Most people were stunned at just how quickly the new Volvo Ocean Race one-design travelled from concept to tooling, but that is to underestimate the thousands of hours of preparatory work taking place behind the scenes. Britt Ward and the team at VO65 designers Farr Yacht Design expand upon an evolutionary tale...
In the lead-up to the ‘big’ decision on the future of the event the Volvo Ocean Race management team spent a considerable amount of time considering options for the future that would retain the race’s profile as the pre-eminent around-the-world yacht race while increasing the number of competitive teams entered. To achieve this goal the cost of mounting a competitive campaign needed to be reduced substantially. Several broad preliminary concepts were considered, including modifications to the Volvo 70 rule or freezing the design, development of new class rules, plus various one-design options including a multihull, a fixed-keel water-ballasted boat or a significantly smaller canting-keel design.
Ultimately, the cost of an entire Volvo Race campaign is influenced by many factors with the hardware only representing about one third of the total. Personnel costs for sailors and support teams are a significant cost centre and one that is not well addressed by the existing development rule framework. A one-design solution had the potential to create cost savings on a number of different levels:
- Move to a smaller boat with a somewhat lower level of construction technology to reduce build hours.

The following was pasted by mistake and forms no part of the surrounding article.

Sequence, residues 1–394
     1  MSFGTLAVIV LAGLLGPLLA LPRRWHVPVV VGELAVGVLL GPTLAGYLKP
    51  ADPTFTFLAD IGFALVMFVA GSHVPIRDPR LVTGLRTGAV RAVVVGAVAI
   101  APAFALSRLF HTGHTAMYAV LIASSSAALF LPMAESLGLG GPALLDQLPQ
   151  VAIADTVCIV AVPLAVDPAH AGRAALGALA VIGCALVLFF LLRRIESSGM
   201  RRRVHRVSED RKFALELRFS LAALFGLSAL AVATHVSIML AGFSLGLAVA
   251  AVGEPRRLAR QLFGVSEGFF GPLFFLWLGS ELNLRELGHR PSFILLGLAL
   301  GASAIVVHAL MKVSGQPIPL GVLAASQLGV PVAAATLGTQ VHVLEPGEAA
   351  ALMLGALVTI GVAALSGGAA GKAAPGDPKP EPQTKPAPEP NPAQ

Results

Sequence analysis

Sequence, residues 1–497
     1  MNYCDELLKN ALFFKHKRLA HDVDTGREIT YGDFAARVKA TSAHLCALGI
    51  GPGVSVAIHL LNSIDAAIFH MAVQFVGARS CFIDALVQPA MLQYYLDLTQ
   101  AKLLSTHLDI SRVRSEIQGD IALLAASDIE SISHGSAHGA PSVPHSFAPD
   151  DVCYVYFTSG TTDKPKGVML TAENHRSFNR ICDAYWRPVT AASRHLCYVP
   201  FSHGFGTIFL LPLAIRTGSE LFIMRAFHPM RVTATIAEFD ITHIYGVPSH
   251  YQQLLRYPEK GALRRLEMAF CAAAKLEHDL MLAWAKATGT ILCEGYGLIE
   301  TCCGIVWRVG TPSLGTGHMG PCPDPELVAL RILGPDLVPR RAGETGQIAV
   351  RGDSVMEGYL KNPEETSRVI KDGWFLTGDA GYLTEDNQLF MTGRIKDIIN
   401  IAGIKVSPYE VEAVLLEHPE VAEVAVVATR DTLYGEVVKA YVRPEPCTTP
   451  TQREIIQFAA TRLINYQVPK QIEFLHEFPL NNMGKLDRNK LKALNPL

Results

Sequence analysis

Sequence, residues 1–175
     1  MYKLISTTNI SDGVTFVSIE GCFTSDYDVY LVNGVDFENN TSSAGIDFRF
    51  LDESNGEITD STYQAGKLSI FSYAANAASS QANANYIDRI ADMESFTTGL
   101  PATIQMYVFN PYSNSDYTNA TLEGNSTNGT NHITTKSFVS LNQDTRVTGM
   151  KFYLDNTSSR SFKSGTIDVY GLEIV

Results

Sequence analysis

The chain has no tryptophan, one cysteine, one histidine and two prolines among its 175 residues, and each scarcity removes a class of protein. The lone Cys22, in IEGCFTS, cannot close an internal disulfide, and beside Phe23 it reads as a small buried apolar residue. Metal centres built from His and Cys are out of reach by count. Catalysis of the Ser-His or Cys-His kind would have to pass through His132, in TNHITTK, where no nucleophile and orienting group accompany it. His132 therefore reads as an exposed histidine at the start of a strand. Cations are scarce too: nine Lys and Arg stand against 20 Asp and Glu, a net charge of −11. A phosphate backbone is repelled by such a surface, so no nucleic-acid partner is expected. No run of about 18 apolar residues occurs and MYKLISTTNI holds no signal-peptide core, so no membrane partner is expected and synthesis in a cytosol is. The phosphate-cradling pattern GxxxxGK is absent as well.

- Economies of scale in building a large number of identical boats and sourcing common hardware.
- Centralised maintenance and support facilities that significantly reduce personnel costs.
- A shared pool of spares and replacement parts.
The fact that the Volvo Ocean Race managed to secure funding to construct the tools as well as to fuel the actual manufacturing of the latest boats is also key, as it significantly improves the chances of getting more boats onto the startline. Historically the practical cut-off for when you have to start designing and building a boat has eliminated many potential late entries. Meanwhile, racing a secondhand boat in an open development class has also never been a particularly attractive option.
There is a balance to be achieved between reducing boat and campaign costs, while continuing to attract the best sailors, and maintaining the high level of public interest that the race has received to date. After much discussion among the stakeholders it became clear that the New Volvo Class (NVC) needed to remain a true ‘King of the Ocean’, retaining as many performance features as possible within the budget targets. While smaller or simpler boats can reduce costs dramatically, it was felt that this boat needed to be exciting to sail, and remain capable of achieving record speeds.
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